“We got that burning desire that, ‘Hey this is starting to go like the 2011 season and we don’t want that,’ so we turned it around,” senior wide receiver Brandon Turner said. “Actually, I wouldn’t say turn it around. We got it started.”
The foundation for a bounceback season was laid far earlier. Linebacker Brye French and slotback Bo Snelson, elected captains before spring practice began, prioritized discipline and details and accountability. All were in abundant supply when Navy won 10 games during their plebe year.
Facing a trek west, it was a team with three losses but the certainty its record did not accurately reflect its ability.
“That wasn’t like that just happened,” Snelson said. “It wasn’t like we just showed up and put all the pieces together. We were working toward it. It was a growing process. That was something that came together just from our guys believing when other people were starting to fall off. Maybe that’s what we needed, to shed some of that extra weight and for us to come closer together and become tighter as a unit.”
Steadiness at the top
There was one obvious, unmistakable change in the Mids over the last two months. Starting quarterback Trey Miller aggravated a sprained ankle in the second half of the victory at Air Force. Freshman Keenan Reynolds entered and spurred Navy’s comeback.
Miller missed the next game, during which Reynolds tossed three touchdowns against Central Michigan.
Navy won in Reynolds’ first four starts, and he has yet to relinquish the job. In the Mids’ first four games, they had 12 turnovers; in seven games since, they have five.
A new starting quarterback undeniably helped. But so did the old-fashioned steadiness Niumatalolo provided in his day-to-day message.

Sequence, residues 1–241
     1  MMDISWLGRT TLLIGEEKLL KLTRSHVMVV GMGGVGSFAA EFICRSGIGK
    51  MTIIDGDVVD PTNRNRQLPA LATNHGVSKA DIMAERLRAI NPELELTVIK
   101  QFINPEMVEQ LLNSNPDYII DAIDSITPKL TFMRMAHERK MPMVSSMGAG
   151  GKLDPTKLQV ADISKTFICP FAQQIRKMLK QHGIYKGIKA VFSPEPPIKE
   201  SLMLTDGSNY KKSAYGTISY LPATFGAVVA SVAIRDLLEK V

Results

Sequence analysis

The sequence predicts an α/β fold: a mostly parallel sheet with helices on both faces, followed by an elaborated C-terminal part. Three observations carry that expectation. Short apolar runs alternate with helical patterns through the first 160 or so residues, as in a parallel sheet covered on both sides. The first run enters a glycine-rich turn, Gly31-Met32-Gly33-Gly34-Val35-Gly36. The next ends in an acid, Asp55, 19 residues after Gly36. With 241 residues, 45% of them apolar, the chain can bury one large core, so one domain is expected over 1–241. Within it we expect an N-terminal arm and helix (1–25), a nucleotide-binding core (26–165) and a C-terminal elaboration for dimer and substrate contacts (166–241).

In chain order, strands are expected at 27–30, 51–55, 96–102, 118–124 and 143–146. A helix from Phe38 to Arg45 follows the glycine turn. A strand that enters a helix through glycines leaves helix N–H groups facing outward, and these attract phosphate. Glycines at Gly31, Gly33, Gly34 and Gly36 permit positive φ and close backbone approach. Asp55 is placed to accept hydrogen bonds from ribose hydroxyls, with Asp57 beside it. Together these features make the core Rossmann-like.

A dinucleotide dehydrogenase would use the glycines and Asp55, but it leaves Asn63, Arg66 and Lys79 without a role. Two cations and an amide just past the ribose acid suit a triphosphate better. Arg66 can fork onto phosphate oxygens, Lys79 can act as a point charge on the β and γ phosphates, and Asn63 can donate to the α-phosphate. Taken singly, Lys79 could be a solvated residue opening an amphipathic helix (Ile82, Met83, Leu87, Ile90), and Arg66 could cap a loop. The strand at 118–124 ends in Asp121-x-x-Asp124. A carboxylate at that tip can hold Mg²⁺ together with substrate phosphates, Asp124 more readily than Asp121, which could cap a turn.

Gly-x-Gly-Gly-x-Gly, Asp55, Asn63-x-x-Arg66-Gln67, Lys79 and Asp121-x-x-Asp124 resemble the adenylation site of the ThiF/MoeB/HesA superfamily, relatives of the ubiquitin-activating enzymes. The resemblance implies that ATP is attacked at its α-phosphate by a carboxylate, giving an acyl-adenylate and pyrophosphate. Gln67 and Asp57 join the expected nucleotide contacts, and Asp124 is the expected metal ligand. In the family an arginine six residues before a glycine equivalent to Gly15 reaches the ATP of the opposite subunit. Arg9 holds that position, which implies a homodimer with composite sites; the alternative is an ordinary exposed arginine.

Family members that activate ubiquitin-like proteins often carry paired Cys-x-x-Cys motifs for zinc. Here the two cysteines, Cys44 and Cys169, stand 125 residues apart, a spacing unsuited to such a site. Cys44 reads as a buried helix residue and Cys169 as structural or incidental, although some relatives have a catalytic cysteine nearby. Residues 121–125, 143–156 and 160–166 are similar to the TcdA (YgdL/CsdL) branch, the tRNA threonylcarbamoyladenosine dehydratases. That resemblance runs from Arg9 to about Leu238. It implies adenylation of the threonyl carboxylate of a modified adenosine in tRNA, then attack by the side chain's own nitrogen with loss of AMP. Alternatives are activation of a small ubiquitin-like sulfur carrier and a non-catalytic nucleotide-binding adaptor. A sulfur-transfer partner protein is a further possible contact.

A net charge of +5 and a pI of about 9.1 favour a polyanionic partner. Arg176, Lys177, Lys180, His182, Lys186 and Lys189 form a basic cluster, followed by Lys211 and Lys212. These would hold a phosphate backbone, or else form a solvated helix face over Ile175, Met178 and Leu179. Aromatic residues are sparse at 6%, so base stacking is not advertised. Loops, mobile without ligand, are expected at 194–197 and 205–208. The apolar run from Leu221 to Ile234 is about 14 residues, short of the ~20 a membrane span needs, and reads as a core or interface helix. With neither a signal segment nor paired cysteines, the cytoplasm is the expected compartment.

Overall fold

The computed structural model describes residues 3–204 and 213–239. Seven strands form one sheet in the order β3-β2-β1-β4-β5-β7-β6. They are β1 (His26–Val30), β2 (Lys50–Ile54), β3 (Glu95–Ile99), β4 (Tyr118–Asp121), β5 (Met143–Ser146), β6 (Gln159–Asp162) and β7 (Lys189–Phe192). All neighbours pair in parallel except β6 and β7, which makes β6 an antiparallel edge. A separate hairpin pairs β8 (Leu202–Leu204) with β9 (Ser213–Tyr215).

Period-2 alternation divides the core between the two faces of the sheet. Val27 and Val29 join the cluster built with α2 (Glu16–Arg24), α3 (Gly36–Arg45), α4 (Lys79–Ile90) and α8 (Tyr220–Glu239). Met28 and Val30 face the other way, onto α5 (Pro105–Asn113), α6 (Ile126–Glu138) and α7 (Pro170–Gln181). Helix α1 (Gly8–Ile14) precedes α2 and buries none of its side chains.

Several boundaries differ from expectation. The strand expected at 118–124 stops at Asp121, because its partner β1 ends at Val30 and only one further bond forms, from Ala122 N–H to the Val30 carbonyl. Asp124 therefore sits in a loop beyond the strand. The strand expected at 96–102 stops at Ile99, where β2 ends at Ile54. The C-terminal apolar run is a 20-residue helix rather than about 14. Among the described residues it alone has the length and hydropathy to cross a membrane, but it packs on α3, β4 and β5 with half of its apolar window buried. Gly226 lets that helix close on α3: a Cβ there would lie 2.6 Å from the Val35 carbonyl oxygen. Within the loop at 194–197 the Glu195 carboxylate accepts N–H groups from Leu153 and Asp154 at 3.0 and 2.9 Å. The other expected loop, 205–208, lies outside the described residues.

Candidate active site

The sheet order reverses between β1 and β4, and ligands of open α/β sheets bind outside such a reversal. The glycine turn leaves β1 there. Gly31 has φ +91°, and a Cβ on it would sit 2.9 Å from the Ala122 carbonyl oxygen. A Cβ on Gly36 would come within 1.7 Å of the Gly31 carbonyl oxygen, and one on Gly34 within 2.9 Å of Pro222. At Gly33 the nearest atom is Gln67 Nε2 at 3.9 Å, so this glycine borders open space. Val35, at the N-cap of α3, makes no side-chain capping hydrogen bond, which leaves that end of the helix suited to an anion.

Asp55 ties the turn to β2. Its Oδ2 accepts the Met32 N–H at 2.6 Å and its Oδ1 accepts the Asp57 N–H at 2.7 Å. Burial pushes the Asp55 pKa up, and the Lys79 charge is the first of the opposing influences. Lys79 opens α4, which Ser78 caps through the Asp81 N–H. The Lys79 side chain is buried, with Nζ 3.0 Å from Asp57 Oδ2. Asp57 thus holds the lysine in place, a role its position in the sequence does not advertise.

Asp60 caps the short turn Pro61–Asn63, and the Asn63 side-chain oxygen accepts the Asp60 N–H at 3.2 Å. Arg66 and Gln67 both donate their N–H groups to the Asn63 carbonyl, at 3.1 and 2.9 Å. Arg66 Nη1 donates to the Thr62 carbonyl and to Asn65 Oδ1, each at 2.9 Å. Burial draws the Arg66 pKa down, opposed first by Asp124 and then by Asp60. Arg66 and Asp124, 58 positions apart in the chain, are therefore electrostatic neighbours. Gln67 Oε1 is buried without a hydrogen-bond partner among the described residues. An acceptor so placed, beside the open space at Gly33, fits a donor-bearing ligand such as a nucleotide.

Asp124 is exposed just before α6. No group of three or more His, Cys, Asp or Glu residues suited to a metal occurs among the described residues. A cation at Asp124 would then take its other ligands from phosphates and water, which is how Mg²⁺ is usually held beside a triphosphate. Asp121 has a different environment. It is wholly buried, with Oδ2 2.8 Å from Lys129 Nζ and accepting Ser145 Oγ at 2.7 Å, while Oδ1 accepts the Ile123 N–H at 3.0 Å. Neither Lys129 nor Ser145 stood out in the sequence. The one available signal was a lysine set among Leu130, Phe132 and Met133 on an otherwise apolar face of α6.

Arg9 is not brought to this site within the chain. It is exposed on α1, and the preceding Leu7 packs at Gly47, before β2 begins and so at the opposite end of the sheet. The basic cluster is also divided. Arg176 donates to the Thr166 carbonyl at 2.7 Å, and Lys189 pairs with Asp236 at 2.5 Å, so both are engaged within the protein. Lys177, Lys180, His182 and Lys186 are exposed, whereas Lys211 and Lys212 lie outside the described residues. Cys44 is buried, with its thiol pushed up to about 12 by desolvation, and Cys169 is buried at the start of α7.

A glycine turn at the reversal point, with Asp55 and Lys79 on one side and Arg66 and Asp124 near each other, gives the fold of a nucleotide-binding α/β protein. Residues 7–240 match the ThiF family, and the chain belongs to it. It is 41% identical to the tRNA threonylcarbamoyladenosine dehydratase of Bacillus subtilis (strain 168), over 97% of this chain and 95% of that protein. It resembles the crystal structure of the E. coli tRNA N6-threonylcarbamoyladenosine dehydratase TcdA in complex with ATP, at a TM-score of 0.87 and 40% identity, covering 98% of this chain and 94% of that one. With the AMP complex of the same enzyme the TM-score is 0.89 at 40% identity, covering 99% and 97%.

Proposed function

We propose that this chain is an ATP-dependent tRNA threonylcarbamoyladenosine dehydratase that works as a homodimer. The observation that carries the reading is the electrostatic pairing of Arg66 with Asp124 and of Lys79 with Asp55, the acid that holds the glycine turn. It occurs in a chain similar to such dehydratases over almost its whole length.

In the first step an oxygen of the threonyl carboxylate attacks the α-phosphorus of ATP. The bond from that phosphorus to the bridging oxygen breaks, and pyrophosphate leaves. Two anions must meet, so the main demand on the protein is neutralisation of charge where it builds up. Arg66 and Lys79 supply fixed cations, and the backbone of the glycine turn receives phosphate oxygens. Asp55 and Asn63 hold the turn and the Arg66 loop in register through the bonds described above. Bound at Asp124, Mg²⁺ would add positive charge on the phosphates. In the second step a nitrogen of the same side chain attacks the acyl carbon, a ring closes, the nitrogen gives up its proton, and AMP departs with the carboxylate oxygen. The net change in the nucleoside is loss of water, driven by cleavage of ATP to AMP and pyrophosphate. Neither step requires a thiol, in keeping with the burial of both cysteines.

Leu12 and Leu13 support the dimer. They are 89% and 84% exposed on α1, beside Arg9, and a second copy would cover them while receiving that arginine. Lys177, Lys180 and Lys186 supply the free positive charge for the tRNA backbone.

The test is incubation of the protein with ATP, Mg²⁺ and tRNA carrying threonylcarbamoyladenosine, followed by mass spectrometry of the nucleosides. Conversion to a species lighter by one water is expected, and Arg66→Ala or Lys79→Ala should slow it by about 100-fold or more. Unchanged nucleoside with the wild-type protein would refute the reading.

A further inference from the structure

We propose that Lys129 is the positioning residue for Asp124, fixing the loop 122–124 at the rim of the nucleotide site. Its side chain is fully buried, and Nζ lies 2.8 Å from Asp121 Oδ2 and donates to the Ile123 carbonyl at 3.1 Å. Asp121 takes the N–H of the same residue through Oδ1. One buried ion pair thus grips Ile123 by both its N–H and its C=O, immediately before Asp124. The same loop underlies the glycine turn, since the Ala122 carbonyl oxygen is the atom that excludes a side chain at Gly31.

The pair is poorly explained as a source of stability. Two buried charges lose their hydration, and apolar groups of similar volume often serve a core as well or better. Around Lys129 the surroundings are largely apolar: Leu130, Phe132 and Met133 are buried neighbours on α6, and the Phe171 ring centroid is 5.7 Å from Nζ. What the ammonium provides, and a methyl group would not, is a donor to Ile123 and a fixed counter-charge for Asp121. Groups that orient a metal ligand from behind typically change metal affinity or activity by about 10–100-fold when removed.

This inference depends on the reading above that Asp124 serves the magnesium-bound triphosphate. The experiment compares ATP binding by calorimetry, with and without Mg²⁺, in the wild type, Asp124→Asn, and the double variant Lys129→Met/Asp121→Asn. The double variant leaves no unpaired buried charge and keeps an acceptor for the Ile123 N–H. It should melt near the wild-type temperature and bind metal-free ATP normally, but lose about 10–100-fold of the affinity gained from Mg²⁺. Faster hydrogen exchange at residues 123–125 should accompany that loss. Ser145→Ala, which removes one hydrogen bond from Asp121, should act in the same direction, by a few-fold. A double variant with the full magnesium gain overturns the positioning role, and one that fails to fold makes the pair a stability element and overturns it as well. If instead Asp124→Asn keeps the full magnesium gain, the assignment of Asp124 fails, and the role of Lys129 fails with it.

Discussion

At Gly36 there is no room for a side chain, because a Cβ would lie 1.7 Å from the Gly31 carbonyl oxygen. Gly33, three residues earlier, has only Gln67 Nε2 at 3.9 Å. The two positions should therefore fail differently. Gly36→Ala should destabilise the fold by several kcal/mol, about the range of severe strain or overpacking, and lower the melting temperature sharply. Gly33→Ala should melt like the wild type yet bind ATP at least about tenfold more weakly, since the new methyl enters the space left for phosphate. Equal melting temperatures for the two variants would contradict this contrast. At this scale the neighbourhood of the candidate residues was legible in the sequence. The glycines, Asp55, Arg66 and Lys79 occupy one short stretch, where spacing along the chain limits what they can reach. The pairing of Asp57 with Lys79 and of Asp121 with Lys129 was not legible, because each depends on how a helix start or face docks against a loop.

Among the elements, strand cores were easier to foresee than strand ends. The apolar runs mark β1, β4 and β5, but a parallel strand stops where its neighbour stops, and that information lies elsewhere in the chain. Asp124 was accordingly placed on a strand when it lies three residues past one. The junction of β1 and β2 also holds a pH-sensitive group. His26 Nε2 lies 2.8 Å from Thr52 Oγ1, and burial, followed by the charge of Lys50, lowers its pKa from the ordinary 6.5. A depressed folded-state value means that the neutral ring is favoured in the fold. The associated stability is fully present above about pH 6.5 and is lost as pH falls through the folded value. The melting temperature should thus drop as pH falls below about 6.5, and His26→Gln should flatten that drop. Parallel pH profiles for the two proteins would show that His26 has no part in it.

“Wins or losses, it’s been consistent: ‘Hey, go to work,’” French said. “When Monday rolls around, let’s get our workout in and get ready for the next one. That’s definitely been good leadership to see that, to not get complacent but not also freak out with the losses. That even keel, it’s definitely been positive.”
Even if Niumatalolo appreciated the early October pep talk from an assistant, his manner of thinking was going to take him down a rational path. It’s why he was befuddled when he attended an alumni event and heard people suggest the season was over at the end of September.
The three losses came to teams on their way to a combined 30-6 record. And his belief in the quality of his players did not fluctuate from the start of the season.
“There’s some people who lost to Mike Tyson who might have been good boxers, but if you get hit by one of his right hands, it doesn’t take away from that you might be good,” Niumatalolo said. “My point was that when we lost to those three teams early on, that [didn’t] make us a bad team. Those teams are good. Now, we could have played better, but I didn’t want us to jump off the Bay Bridge just because we lost to those three teams.”
Navy didn’t take such drastic measures. Instead, it simply bore deeper into an autumn of improvement, with more still to accomplish.
How much of it was thanks to just one victory? Probably not as much as the structure already in place before the season even started. Tradition, after all, still hasn’t graduated in Annapolis.